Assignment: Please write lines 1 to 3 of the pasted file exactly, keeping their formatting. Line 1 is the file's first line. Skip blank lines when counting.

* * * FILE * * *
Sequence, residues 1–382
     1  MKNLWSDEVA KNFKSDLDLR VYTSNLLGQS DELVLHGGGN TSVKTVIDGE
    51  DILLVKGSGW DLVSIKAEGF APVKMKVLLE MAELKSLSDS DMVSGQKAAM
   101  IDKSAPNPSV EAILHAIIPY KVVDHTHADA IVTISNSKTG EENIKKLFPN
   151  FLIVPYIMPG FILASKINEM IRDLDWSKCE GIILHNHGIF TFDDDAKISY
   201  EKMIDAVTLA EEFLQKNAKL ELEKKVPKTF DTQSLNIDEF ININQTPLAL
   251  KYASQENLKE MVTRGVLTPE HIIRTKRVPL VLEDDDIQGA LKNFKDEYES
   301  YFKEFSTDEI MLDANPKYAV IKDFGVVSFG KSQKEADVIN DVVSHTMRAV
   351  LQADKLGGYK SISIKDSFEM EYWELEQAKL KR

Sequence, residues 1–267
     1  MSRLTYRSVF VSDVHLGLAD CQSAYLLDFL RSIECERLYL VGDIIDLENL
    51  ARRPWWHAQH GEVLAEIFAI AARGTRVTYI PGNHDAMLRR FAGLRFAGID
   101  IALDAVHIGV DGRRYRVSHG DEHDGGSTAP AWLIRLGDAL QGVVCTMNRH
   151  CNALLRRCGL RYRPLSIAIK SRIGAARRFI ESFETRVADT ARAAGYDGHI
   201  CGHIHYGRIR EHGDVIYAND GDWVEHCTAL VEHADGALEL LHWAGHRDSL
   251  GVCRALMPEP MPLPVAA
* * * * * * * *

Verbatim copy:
Sequence, residues 1–382
     1  MKNLWSDEVA KNFKSDLDLR VYTSNLLGQS DELVLHGGGN TSVKTVIDGE
    51  DILLVKGSGW DLVSIKAEGF APVKMKVLLE MAELKSLSDS DMVSGQKAAM